CHARLIE SMITH LONDON is pleased to present Peter Ashton Jones’ first solo exhibition at the gallery, curated by Jemima Rose.
The exhibition title refers to the traditional parlour game that has been played throughout generations, and is associated most notably with the Victorian era. Latterly known as Blind Man’s Bluff, Ashton Jones introduces ideas around wordplay, linguistic evolution, and slippages between fact and fiction from the outset. Buff is an old English word meaning tag or touch, and Ashton Jones uses his interpretation of the game and its semantic implications to create a framework that informs his reasoning and decision making when creating this series. He simultaneously refers to the relationship between artist and audience.
In broad terms, Ashton Jones begins with the traditional notion of landscape painting being a window on to the world. His landscapes refer to real places in West Sussex where he grew up, but are not specifically topographical accounts of that landscape. Rather, they are places in which painting is explored through light, rendering, layering and dynamics of line, form and colour; and operate, therefore, in a space between reality and imagination.
As well as being partially observational, Ashton Jones’ paintings might also recall his experience when in or passing through the landscape. The large painting ‘The Roll Up’ began with witnessing a grave digger from a train window that came to inspire a poem that he wrote called ‘An Exploration of a Railway Tunnel’, which was published in the poetry magazine ‘Navis’ in 1996 – ‘I saw a gravedigger, filling in with only the idea of being left with the means of getting out.’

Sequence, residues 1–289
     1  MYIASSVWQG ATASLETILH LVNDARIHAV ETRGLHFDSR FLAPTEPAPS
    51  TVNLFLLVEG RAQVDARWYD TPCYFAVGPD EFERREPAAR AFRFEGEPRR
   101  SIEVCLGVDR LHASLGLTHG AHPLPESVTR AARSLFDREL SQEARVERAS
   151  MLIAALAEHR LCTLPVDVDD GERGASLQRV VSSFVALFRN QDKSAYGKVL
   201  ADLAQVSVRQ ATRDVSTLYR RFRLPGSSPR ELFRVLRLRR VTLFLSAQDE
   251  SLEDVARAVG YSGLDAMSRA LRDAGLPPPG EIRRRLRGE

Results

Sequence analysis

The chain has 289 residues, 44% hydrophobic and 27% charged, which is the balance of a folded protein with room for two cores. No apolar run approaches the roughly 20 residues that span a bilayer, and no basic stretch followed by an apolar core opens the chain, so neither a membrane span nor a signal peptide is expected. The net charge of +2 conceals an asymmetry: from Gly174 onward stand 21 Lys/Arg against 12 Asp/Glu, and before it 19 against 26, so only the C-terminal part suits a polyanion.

Another theme relates to the myth of Theseus’ red ball of twine, which was given to him by Ariadne before entering the labyrinth to slay the Minotaur, in order to enable him to find his way back out.
Given the plastic artificial nature of painting, what ultimately binds together the above themes, and the diversity of imagery and language, is a questioning of what is real and what is fictional in a painting? What is believable? This question is posed directly in the large painting ‘Blind Man’s Buff’, which depicts the artist’s left hand with index finger pointing, which might be judgemental, or directing, or simply pointing towards something. It also refers to the biblical account of Doubting Thomas, who had to touch Christ in order to know whether he really had resurrected from death. Ashton Jones then, embeds narratives deriving from the personal to historical to mythological, in order to disperse clues that guide towards or away from a definitive destination.